US manufacturing output expands more than expected
US manufacturing output grew last month, boosted by a weak dollar that made American goods cheaper overseas.
The sector expanded to a higher-than-expected level of 60.4 in April, down from 61.2 the previous month, said the Institute for Supply Management (ISM).
Any value above 50 indicates growth in the manufacturing sector.
Factory output remains strong despite high oil prices, a sign that the economy could be recovering from recession.
"The economy is not falling apart, despite the spike in oil prices," said Joel Naroff, an economic advisor in the US.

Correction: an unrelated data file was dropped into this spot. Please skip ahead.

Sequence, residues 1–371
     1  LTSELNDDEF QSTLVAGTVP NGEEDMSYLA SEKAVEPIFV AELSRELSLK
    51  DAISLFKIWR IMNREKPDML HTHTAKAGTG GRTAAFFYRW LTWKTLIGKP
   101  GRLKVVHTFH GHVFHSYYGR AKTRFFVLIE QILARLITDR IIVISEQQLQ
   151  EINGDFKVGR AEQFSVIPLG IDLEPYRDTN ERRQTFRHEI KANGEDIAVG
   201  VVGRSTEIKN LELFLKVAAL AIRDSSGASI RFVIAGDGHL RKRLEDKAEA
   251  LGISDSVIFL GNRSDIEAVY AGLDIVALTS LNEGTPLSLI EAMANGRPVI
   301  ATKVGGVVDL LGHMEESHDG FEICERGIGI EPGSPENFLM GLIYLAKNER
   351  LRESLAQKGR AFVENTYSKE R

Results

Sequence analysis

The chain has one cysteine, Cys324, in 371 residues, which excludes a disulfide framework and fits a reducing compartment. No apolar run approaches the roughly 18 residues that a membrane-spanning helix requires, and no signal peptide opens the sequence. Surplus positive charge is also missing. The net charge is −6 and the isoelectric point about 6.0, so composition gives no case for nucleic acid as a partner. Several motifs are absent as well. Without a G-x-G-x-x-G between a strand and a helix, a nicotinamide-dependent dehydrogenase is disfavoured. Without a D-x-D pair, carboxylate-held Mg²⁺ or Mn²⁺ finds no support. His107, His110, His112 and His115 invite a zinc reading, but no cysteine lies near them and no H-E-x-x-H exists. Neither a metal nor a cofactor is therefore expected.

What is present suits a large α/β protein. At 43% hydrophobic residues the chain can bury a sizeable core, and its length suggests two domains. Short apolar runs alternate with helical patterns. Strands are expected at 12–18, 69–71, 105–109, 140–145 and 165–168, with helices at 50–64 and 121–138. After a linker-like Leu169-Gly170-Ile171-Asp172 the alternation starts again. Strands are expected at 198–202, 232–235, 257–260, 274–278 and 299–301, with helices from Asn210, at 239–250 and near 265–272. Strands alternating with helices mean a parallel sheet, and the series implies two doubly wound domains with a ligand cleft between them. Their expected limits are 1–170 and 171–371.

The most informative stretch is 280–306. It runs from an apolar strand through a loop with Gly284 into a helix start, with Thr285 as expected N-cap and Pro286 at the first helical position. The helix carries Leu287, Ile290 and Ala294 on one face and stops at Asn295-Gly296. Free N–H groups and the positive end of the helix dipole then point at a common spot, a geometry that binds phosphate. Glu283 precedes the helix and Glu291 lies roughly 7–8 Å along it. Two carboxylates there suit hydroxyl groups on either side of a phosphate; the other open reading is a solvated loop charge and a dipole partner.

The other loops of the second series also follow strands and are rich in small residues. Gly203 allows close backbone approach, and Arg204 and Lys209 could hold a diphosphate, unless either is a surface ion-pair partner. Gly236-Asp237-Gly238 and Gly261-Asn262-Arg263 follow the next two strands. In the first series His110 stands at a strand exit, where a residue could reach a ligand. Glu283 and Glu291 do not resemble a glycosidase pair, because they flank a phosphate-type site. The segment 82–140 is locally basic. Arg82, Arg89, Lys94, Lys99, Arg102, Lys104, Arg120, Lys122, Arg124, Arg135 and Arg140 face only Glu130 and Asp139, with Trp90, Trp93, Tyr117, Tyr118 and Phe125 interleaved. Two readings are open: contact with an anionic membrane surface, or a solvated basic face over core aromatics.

"Firms are hiring, adding to inventories, seeing demand rise and exporting. Those are not signs of malaise."
Even though manufacturing activity expanded at a slower pace in April, it was the 21st straight month of growth, according to the ISM.
"In April, there was no meaningful slowdown in what has become the most important sector in the economy," said Dan Greenhaus, economic strategist at Miller Tabak.
Last week, the Federal Reserve said the US economy was clawing back from its deep recession at a 'moderate pace'.
The US central bank said on Monday that its latest survey of senior loan officers indicated that banks had made it easier to get loans in the first three months of the year.
"Some banks that had eased standards and terms...pointed to a more favourable or less uncertain economic outlook," said the Federal Reserve.